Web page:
Moll Flanders HTML version

Chapter 13
Once or twice I asked what was the matter, but the people neglected answering me,
and I was not very importunate; but after the crowd was wholly past, I took my
opportunity to turn about and take up what was behind me and walk away. This, indeed,
I did with less disturbance than I had done formerly, for these things I did not steal, but
they were stolen to my hand. I got safe to my lodgings with this cargo, which was a
piece of fine black lustring silk, and a piece of velvet; the latter was but part of a piece of
about eleven yards; the former was a whole piece of near fifty yards. It seems it was a
mercer's shop that they had rifled. I say rifled, because the goods were so considerable
that they had lost; for the goods that they recovered were pretty many, and I believe
came to about six or seven several pieces of silk. How they came to get so many I could
not tell; but as I had only robbed the thief, I made no scruple at taking these goods, and
being very glad of them too.
I had pretty good luck thus far, and I made several adventures more, though with but
small purchase, yet with good success, but I went in daily dread that some mischief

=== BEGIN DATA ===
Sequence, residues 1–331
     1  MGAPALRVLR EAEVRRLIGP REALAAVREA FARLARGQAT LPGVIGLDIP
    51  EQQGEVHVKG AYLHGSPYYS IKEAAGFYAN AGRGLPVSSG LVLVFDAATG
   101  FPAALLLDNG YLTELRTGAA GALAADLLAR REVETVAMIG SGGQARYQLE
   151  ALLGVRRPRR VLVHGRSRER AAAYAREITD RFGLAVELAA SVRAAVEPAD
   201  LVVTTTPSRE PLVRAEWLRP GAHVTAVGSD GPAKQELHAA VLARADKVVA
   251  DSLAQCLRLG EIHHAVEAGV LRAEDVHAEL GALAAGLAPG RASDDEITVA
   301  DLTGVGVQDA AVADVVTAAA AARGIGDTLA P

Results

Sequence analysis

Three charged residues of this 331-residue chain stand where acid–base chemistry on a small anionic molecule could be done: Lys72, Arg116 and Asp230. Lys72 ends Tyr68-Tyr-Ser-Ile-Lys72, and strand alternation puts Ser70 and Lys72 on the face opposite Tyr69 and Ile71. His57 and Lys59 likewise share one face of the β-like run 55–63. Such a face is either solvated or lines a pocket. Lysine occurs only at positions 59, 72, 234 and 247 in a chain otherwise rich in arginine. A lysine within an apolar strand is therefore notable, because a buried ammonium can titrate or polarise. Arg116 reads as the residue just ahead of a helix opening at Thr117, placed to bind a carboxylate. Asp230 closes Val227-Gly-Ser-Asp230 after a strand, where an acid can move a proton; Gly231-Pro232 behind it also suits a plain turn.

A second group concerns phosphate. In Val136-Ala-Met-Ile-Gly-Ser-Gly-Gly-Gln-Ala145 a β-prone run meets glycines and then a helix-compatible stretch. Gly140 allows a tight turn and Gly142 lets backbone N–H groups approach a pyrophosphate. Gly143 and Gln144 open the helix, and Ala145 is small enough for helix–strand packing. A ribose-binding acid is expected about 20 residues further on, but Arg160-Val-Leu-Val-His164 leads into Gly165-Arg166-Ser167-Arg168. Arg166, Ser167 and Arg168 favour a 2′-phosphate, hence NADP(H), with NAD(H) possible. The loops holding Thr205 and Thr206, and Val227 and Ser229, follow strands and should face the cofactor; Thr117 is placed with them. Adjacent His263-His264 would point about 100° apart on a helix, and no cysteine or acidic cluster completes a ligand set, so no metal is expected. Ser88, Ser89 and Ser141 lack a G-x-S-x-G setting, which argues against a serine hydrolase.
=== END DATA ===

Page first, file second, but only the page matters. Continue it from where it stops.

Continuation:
would befall me, and that I should certainly come to be hanged at last. The impression
this made on me was too strong to be slighted, and it kept me from making attempts
that, for ought I knew, might have been very safely performed; but one thing I cannot
omit, which was a bait to me many a day. I walked frequently out into the villages round
the town, to see if nothing would fall in my way there; and going by a house near
Stepney, I saw on the window-board two rings, one a small diamond ring, and the other
a gold ring, to be sure laid there by some thoughtless lady, that had more money then
forecast, perhaps only till she washed her hands.
I walked several times by the window to observe if I could see whether there was
anybody in the room or no, and I could see nobody, but still I was not sure. It came
presently into my thoughts to rap at the glass, as if I wanted to speak with somebody,
and if anybody was there they would be sure to come to the window, and then I would
tell them to remove those rings, for that I had seen two suspicious fellows take notice of
them. This was a ready thought. I rapped once or twice and nobody came, when,
seeing the coast clear, I thrust hard against the square of the glass, and broke it with
very little noise, and took out the two rings, and walked away with them very safe. The
diamond ring was worth about #3, and the other about 9s.
I was now at a loss for a market for my goods, and especially for my two pieces of silk. I
was very loth to dispose of them for a trifle, as the poor unhappy thieves in general do,
who, after they have ventured their lives for perhaps a thing of value, are fain to sell it
for a song when they have done; but I was resolved I would not do thus, whatever shift I
made, unless I was driven to the last extremity. However, I did not well know what
course to take. At last I resolved to go to my old governess, and acquaint myself with
her again. I had punctually supplied the #5 a year to her for my little boy as long as I
was able, but at last was obliged to put a stop to it. However, I had written a letter to